Updated 13:45 PM PHT Thu, February 9, 2017
Metro Manila (CNN Philippines) — President Rodrigo Duterte criticized the media Wednesday for reporting on his alleged hidden wealth during the 2016 presidential campaign.
"Kita naman niyo yung election," Duterte said in a speech at the National Housing Authority Summit. "Tingnan mo anong pinokus ng mga TV, ABS-CBN. Naniwala sila sa basura (na) ₱211 million."
[Translation: Look at the election season. Look at what TV networks like ABS-CBN focused on. They believed the rubbish claim about the ₱211 million.]
"Kaya nung nanalo ako, sinabi ko sa AMLC (Anti Money Laundering Council), p***ngina kayo, sisibakin ko kayong lahat," Duterte added. "Bakit hindi ninyo sinabi ang totoo sa tao?"
[Translation: That's why when I won as President, I told the members of AMLC that I'd fire you all, you sons of whores. Why aren't you telling people the truth?]
Duterte's statement stems from a claim by then vice presidential candidate and now Sen. Antonio Trillanes IV that he had documents allegedly showing billions of pesos in hidden wealth linked to Duterte and his daughter, Sara.
Trillanes said ₱211 million was allegedly deposited in BPI Julia Vargas and was not declared in Duterte's 2014 Statement of Assets, Liabilities and Net Worth or SALN.
During the campaign, Duterte revealed his bank records, which showed two BPI accounts with ₱17,000 and around ₱24,000.
The AMLC and Bangko Sentral ng Pilipinas decided not to investigate the matter further.
As a result, Duterte said in his speech that people should be wary of what the media report.
"Kaya kayo, huwag kayong masyadong maniwala diyan (sa media)," he said. "Sabi nga ni Trump eh, 'dishonest.'"
[Translation: You people should not believe the media so much. As Trump said, they're "dishonest."]
Trump and 'fake news'
Duterte echoed claims by U.S. President Donald Trump, who has repeatedly called the media "dishonest" in reporting about his presidential campaign and his administration.
Trump likewise branded CNN as "fake news," which his senior adviser Kellyanne Conway apologized for last month.
Meanwhile, Trump's deputy assistant Sebastian Gorka said the White House will continue using the term "fake news" until the media understands that their "monumental desire" to attack Trump is wrong.
"There is a monumental desire on behalf of the majority of the media, not just the pollsters, the majority of the media to attack a duly elected President in the second week of his term," Gorka, a former Breitbart editor, told U.S. syndicated conservative radio host Michael Medved.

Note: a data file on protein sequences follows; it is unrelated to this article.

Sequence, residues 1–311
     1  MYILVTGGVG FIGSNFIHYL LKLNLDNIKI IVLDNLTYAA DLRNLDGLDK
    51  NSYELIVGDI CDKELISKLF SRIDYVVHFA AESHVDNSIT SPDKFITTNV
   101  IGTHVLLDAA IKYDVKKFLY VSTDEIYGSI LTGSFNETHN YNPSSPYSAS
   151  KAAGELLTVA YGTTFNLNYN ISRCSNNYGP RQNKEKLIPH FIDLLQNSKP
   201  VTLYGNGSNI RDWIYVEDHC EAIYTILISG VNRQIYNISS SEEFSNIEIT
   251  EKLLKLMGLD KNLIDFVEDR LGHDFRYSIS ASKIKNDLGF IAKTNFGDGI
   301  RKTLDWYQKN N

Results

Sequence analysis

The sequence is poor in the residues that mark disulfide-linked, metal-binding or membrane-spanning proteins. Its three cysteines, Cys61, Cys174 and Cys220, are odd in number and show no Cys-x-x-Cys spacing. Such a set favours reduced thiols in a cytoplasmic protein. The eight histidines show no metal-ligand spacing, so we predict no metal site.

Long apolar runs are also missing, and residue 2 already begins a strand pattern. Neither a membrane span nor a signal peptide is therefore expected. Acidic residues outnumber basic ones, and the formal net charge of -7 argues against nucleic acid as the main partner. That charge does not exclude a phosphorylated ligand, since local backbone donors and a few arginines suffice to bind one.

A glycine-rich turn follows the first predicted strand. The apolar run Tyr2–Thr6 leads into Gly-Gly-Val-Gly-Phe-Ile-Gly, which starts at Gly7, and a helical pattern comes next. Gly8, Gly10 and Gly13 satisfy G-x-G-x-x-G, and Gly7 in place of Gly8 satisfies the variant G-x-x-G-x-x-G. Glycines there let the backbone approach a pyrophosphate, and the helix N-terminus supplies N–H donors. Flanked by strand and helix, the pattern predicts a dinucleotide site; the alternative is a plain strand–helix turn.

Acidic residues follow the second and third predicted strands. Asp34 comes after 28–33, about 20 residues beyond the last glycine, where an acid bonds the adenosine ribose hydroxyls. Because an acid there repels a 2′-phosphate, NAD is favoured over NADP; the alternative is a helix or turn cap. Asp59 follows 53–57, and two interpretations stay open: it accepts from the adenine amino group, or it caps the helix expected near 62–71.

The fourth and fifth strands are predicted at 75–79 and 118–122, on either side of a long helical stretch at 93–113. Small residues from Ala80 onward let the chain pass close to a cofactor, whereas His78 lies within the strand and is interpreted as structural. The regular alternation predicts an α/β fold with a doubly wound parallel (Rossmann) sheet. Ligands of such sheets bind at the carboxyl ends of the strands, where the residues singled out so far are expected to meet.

"That's how unhealthy the situation is and until the media understands how wrong that attitude is, and how it hurts their credibility, we are going to continue to say, 'fake news,'" he added.
Media: Stop blaming us for controversy
Last month, the Malacañang Press Corps (MPC) hit Communications Secretary and former TV5 journalist Martin Andanar for accusing the media of making misleading reports on Duterte's statement on martial law.
"We are disturbed and appalled by the propensity of the officials of this administration to blame the media whenever the inflammatory statements of the president stir controversy or draw flak," the MPC said in a statement. "This trend should stop as it would not contribute to the elevation of the level of public discourse."
The group said the media merely paraphrases or translates Duterte's remarks and that officials should read "entire news stories, not just the heads or titles, to get a better picture of the media's coverage of the President."
The group also underscored the role of media in serving the public and defending democracy.
"The media has no obligation to please or satisfy its sources because its loyalty is to the citizens, those who will be affected by the actions of people who are far more powerful than them," the MPC said.
In addition, the National Union of Journalists of the Philippines issued a December 2016 statement telling the President that he has a duty to speak clearly to the public.
"Seryoso po kami sa aming gawain at tungkulin naming ituring na seryoso at iulat [nang] tapat ang anumang namumutawi sa bibig ng Pangulo," it said. "Huwag po ninyong baliktarin ang kaayusan ng pananagutang maging malinaw, Mr. President."
[Translation: We are serious in our duty to seriously and truthfully report whatever comes out of the President's mouth. Please do not skirt your duty to be clear, Mr. President.]